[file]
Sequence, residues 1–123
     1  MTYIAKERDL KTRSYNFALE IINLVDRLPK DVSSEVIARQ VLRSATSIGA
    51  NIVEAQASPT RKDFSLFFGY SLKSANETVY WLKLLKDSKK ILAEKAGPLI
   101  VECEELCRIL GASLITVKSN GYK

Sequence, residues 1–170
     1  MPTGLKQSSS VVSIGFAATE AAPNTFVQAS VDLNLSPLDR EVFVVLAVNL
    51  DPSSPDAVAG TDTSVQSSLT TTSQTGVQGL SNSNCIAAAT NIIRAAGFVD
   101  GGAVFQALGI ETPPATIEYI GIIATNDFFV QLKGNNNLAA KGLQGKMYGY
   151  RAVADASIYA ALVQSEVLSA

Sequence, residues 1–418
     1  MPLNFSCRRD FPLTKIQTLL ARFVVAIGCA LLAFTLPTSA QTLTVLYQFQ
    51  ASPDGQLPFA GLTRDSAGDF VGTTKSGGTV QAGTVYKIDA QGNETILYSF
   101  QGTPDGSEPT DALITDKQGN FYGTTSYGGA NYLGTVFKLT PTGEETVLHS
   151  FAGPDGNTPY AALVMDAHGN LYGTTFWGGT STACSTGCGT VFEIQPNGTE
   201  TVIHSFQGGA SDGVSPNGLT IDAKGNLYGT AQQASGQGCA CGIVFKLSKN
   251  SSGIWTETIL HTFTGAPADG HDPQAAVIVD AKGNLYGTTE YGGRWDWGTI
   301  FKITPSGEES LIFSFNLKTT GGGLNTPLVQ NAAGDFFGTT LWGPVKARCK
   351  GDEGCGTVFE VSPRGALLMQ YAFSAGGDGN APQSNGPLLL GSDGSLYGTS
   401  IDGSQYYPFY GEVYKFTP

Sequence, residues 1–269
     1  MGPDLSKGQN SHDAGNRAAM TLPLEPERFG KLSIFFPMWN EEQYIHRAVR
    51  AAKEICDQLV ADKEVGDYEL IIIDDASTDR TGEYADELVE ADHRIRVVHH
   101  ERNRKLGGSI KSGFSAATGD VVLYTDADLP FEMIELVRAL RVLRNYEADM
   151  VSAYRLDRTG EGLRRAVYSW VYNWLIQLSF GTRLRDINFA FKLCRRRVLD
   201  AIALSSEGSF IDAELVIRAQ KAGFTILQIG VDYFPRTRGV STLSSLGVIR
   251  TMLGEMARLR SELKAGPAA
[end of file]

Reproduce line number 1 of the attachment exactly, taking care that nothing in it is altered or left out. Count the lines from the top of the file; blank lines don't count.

Sequence, residues 1–123